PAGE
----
Moments after Afghan journalist Samim Faramarz wrapped up his live report on the latest suicide attack in Kabul, a car bomb exploded just metres away, killing him and his cameraman Ramiz Ahmadi.
Their colleagues at Tolo News choked back tears as they reported the deaths live on air — cracking open a divisive debate on how Afghan journalists should operate in such a dangerous environment.
The deaths of Faramarz and Ahmadi on September 5 took the number of journalists and media workers killed in Afghanistan this year to 14, making the country the deadliest in the world for the media.
Among the dead were 13 journalists — the highest number killed in Afghanistan in a single year since the start of the war.
The losses have devastated the tight-knit community that faces the real prospect of tragedy every time they go to work.
“When we leave our homes we don’t know whether we will go back alive,” said 1TV reporter Hamid Haidary, who keeps a photo shrine of fallen journalists on a shelf above his desk.
Haidary had gone to the scene of the explosion that killed Faramarz and Ahmadi, but returned to his office minutes before the second bomb detonated.
“It is already too much for us,” agreed Lotfullah Najafizada, director of Tolo, which is Afghanistan’s largest private broadcaster.
As security in Afghanistan continues to deteriorate, the fear and anxiety is ever-present, he added.
“It is not just about the blast site, it is going to a province, it is coming to the office or being in the office — they all are attached to risks and it is difficult sometimes to minimise all of them to zero.”
Sixty journalists and media workers have been killed in Afghanistan since the US-led invasion in 2001 that toppled the Taliban regime and enabled independent media to blossom in its wake — an average of around three a year, according to Reporters Without Borders (RSF).
Afghan media support group NAI gave an even higher toll of 95.
But the departure of NATO combat troops at the end of 2014 marked a turning point, RSF figures show: 39 journalists and media workers — over half of the total — have been killed since then as a resurgent Taliban and the newly-emerged Islamic State group terrorise the country.
Media outlets have already scaled back coverage on the battlefield. But until this year, suicide attacks in urban centres remained a staple for newsrooms.
A double bomb attack in the Afghan capital on April 30 changed that.
Nine journalists, including Agence France-Presse chief photographer Shah Marai, were killed in the twin blasts — the most lethal attack on the media since the fall of the Taliban.
Less than three months later AFP driver Mohammad Akhtar was killed in another suicide attack on his way to work, followed in September by Faramarz and Ahmadi.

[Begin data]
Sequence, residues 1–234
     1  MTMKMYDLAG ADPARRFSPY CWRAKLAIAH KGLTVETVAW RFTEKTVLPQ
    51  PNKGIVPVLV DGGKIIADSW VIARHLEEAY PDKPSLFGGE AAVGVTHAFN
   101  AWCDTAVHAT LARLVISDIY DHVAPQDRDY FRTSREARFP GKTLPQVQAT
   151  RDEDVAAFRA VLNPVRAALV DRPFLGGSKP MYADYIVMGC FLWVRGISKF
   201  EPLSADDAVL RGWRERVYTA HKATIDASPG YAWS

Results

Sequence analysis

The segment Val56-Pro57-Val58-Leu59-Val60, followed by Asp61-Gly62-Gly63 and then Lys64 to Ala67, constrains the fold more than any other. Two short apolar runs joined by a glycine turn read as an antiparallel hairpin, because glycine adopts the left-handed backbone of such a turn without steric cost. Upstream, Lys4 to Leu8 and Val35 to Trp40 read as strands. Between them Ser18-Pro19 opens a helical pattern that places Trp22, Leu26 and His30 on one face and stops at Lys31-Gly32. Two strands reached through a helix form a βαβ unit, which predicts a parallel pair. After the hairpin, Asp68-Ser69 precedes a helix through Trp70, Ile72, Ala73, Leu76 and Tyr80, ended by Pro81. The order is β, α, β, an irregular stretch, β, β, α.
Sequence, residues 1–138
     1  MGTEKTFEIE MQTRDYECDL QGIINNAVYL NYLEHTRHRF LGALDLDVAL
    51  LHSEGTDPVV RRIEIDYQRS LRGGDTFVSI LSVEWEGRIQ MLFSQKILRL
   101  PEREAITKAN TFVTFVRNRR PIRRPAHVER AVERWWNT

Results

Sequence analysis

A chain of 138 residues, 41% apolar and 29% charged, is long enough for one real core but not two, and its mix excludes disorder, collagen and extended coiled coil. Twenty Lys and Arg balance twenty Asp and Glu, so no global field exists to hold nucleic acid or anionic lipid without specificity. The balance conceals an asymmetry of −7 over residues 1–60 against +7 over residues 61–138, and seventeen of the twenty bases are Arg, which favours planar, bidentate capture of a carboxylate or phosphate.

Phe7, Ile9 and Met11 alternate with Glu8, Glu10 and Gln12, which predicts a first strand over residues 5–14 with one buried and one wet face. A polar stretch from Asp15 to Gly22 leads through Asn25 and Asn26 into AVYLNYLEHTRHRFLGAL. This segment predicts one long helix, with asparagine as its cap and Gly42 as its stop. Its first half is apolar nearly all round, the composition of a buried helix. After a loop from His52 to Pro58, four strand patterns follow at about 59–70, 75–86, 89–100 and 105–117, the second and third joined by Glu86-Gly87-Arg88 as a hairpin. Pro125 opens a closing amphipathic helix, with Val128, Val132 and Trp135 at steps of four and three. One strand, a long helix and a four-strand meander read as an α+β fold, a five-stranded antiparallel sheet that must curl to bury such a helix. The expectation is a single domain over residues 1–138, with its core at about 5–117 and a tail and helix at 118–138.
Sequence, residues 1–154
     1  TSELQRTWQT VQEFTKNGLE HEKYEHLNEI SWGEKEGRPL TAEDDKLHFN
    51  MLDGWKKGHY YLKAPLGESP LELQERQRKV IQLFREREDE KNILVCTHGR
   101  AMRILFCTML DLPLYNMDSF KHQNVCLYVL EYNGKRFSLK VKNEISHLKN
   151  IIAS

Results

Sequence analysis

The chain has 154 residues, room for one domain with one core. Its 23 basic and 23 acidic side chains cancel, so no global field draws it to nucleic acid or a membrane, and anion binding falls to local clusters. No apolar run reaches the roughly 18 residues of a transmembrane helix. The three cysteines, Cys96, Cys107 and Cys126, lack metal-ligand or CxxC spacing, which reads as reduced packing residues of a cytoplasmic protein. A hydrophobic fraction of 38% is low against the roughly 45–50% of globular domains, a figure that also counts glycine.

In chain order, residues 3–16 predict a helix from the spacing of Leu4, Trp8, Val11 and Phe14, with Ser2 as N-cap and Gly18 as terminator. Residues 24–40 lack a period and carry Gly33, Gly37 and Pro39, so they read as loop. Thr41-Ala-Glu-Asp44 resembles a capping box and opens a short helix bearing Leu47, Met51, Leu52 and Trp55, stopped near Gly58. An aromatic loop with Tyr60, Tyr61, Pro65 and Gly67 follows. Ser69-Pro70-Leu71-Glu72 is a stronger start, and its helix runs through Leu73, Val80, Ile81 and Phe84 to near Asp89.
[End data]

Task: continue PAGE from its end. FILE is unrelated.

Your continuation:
The deaths are forcing outlets to ask themselves hard questions about how they work, especially as the country braces for more violence ahead of parliamentary elections in October.
Much of the blame for the journalist deaths has been heaped on the Afghan government and its beleaguered security forces for failing to protect them.
But media outlets also have been criticised for repeatedly putting their staff in danger.
“Losing journalists in similar events one after another and not learning from the mistakes is bad management both on the part of the media organisations and the government,” said Sayed Ikram Afzali, executive director of Afghan advocacy group Integrity Watch.
Militants make headlines for killing civilians, security forces and first responders, including journalists.
But a total ban on covering suicide attacks “would be disrespecting the fallen”, said BBC bureau chief Shoaib Sharifi.
The British broadcaster goes to great lengths to minimise the risks. “We literally evaluate and monitor every step outside the office,” he said.
For now Afghan broadcaster 1TV, which has had several people killed or wounded in this year’s bombings, will continue to go to the scene of suicide attacks, said head of news and current affairs Abdullah Khenjani.
“I think people deserve to know what is happening in their country,” he added.
But they no longer rush to be the first at the scene, and wearing flak jackets and helmets is mandatory.
The New York Times’ “default position is ‘don’t go’ unless … we agree there is some exceptional reason why you should,” bureau chief Rod Nordland said.
“In most cases we’re saying there is no exceptional reason.”
The newspaper instead goes to hospitals or the homes of victims’ families to show the human suffering caused by such attacks, as it continues to seek ways of telling the story even without going to the scene.
Agence France-Presse has adopted a similar policy.
“The risk now of going to a bomb site, of getting hit by a second bomb… outweighs the journalistic value in doing that,” Nordland said.